The common theme with my take on these controversies is that you cannot be "inclusive" and "exclusive" at the same time; that's a losing battle. The notion of 100% fairness is unrealistic, especially when "fair" isn't necessarily the goal. It seems like the B.A.A. is opting for equal representation across ages and genders instead of making things equally physically challenging across the board. Tracksmith will continue to face backlash. Feel free to disagree. These are, after all, controversies. All I ask is that you keep it respectful!


  1. The Boston Marathon does not disappoint!

    Men vs women - it's really interesting to speculate about this. I guess when the number of women exceeds the number of men then it will be time to shorten the women's standards.

    Non-binary - I know people are obsessed with Boston, but I'm pretty sure that no one is going to fake being non-binary to BQ.

    Downhill races - ha, even though I'm not running right now I really want to run one!

    Tracksmith - ouch. If their processing times have increased, it sounds like they're cutting back on costs. Now they make a move that's going to decrease their sales any way that you look at it - it doesn't make sense to you in marketing or to me in finance. I'll continue to wear my Tracksmith rain jacket that I got used on ThredUp tho.

  2. As I read this, I had the mental image of the RD pulling his hair out. We're living in this time where everyone seems to be outraged about things not being fair. Boston is a victim of their own success--making it a qualifying race has really opened it up to criticism. I have no answers and I do feel bad for people who didn't make the cutoff.

    Interestingly, there's a whole other controversy about the lack of BIPOC runners at the race. At Brooks Hype Fest, Alison Desir spoke about Boston and caused controversy with comments about the race not being 'special'. Aaaayyy.

  3. I don't think I concur with your approach to analyzing the 20-min slower proportional to QT FT. With that said, the issue of the 30-min slower standard for women across all time/age categories does seem overly forgiving, considering elite women have been pushing their records closer and closer to the elite men, and with that recent Berlin 2:11 record, now maybe 6-7 min difference between male and female elite in terms of records.

    Records illustrate the physical potential men and women have to run marathon at maximal effort. Is that similar to more mortal male and female runners? No research into that exists to my knowledge. Maybe way back when BAA first started instituting the male-female age-FT QT standards, perhaps the elite women were running 30-min slower that the elite men. Elite and amateur women runners certainly became much faster over the years since first competing at Boston in 1972 and onward.

    But what was the rationale and analysis BAA did or resorted to when they first instituted the BQ standards based on gender and age categories? And how did they determine across the board 5-min faster QT standards were necessary in last change to BQT standards? The answer to the latter was simply too many applicants were meeting the BQT standards. They likely going to take that approach again with so many runners qualifying and applying for the race and limited number of field size.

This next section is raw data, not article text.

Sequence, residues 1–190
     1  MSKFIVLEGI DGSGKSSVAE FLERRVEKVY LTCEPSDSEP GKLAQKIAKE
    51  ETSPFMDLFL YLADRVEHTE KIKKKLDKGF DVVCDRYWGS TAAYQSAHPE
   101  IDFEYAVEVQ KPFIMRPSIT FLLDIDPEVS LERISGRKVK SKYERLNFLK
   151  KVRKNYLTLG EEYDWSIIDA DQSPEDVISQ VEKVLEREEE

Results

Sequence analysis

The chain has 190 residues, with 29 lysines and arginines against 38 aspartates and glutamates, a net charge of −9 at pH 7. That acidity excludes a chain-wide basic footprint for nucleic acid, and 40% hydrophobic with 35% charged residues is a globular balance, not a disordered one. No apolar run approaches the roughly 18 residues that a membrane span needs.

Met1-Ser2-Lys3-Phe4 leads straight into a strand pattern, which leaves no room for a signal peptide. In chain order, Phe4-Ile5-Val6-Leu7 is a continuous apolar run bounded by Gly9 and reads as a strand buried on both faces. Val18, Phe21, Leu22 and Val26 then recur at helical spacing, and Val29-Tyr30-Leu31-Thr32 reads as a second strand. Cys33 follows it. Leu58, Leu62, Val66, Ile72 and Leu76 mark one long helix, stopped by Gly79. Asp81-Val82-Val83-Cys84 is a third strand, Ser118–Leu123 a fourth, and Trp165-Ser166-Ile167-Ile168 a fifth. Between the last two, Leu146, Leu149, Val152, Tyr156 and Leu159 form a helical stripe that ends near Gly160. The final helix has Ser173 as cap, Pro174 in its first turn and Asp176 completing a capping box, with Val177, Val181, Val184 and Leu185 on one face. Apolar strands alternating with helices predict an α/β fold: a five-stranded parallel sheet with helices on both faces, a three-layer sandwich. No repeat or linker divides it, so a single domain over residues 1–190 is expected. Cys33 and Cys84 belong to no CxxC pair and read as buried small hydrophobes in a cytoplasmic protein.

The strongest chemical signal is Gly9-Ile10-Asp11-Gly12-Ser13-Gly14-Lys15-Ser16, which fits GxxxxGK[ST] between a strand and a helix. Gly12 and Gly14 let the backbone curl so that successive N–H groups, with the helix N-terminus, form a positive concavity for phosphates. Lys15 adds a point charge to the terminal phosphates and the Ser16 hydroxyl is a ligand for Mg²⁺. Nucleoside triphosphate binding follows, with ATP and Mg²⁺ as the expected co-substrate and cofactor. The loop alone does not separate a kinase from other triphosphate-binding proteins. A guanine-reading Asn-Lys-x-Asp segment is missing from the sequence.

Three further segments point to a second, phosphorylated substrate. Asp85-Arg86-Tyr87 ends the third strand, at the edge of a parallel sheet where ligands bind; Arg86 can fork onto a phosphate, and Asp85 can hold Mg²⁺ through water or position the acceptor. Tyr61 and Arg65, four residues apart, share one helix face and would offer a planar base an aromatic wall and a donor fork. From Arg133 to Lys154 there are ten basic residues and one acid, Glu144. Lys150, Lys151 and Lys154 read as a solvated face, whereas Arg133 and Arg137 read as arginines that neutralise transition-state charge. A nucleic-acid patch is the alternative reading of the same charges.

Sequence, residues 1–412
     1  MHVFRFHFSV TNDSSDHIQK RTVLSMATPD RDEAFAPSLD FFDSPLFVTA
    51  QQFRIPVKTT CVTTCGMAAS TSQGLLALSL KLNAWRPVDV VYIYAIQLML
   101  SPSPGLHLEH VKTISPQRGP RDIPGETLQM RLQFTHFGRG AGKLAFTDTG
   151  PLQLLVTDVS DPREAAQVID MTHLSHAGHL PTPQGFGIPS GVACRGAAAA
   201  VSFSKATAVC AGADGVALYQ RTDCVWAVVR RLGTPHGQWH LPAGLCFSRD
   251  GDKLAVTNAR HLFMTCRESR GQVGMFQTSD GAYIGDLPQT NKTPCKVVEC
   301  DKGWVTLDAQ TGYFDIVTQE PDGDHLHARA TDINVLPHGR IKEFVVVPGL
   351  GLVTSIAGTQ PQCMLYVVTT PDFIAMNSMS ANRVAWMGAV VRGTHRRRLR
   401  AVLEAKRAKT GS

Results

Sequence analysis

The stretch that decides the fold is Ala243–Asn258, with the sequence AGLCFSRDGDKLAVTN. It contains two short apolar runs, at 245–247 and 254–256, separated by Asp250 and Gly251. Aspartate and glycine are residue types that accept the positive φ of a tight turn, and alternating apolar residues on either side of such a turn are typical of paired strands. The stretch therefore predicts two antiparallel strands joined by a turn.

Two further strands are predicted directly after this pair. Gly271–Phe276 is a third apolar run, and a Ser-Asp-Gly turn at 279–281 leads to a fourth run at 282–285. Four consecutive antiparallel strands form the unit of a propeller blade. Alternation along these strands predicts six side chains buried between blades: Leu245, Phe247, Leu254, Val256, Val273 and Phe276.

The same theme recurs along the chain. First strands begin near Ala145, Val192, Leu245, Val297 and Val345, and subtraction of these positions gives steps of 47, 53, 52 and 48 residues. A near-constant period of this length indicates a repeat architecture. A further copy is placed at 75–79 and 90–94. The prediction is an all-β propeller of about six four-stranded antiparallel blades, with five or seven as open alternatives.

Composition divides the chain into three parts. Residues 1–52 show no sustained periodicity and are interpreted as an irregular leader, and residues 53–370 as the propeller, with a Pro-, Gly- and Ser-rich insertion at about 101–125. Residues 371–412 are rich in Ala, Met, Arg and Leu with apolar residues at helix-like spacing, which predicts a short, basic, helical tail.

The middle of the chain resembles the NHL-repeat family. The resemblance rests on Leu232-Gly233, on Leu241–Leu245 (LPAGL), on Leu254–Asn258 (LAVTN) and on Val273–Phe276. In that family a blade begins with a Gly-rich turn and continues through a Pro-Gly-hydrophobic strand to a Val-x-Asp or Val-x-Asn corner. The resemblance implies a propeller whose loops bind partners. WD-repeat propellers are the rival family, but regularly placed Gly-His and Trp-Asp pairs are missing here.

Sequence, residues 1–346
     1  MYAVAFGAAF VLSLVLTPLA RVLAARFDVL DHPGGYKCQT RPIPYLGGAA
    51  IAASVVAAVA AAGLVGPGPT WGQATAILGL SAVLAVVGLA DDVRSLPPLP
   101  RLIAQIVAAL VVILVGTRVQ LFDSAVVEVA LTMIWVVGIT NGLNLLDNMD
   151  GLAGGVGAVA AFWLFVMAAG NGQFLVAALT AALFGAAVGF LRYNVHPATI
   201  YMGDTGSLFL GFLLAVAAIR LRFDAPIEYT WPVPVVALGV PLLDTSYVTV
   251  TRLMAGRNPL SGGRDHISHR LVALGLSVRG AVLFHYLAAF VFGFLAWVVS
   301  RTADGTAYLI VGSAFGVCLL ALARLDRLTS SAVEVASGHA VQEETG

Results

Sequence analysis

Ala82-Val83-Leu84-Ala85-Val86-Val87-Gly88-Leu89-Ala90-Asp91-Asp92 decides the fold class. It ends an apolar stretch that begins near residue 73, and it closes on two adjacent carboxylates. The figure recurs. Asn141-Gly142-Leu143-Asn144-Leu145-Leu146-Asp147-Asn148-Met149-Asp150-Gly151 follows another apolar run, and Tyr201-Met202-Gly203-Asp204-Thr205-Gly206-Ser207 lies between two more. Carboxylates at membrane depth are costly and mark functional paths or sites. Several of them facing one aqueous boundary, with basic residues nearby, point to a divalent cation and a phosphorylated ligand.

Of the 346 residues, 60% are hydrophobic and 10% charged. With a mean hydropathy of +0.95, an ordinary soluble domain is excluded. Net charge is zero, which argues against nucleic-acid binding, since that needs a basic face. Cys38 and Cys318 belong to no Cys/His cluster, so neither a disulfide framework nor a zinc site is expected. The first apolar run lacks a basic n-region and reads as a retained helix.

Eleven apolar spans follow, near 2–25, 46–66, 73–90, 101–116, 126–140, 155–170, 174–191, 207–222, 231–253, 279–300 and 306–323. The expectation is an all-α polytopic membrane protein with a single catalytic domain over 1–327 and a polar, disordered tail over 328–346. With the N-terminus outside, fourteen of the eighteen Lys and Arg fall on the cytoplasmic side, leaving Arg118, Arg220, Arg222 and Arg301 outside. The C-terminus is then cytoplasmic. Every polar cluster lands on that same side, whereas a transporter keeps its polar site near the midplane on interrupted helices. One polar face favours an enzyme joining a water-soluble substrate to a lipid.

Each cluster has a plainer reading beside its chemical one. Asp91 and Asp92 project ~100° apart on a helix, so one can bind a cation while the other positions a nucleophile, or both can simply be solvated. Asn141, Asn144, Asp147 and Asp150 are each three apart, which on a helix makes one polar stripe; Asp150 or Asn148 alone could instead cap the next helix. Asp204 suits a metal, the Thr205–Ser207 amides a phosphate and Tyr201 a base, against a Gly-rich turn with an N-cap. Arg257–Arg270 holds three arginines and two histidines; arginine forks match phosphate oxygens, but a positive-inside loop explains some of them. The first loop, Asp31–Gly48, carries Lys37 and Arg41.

Keep in mind generally over the years about 20% of the field is allocated to Charity runners and 80% goes to Qualified and Invitational runners. You can do the math and quickly see it is Qualified field size that can end up leaving so many qualified runners out of acceptance. Increasing the field size for Qualified runners would seem a logical solution, but with 11,000 left out on the last application for 2024, can't see BAA increasing Qualified fieldsize by 10,000, and unlikely going to reduce Charity field size?.

    So no simple or discreet answers to the controversy exist and all the end result does is keep forcing mortal runners to run faster and faster QT's...until actually reaching what might be construed the actual physical limits based on gender/age. I at 2 months shy of 70, no longer can physically run fast enough to meet the minimum standard for men, Age definitely is a factor both for men and women, never really accounted for in across the board time standards relative to age category.

    It is interesting to note that Boston was the first marathon where the issue of women running marathons was challenged. And they did accommodate the change and it actually back in the 70's into the 80's was a key marathon major race that women consistently became better and faster running. It would be interesting to see BAA compile some form of history of the BQT standards that includes an explanation how the far different men vs women same age category standards were determined? What kind of analysis did they do that supported 30-min or even 20-min slower than men for the same age groups?

    Regarding Net Elevation Loss that is an artifact of how it is calculated as we all know Boston Marathon is a challenging course to run, not only with its Newton Hills, but rollers starting about 3/4 mile out before crest ascent at 1-mi mark. And there are rollers into Boston in the last 10k after out of Newton Hills. The real "downhill" marathons that truly all net loss grade as run in mountains, yes can post a BQT doing it, but not an easy feat to do as it will put extensive force and war on quadricep muscles, and unless you train running downhill, could end up IN jurying yourself. Depending on race and altitude change with downhill marathons, have to acclimate to altitude. So I don't think those races are unfair, but I could see runners resorting more to them if they have to run -5:29 or even faster to be accepted.

    Good post and subject Zebra!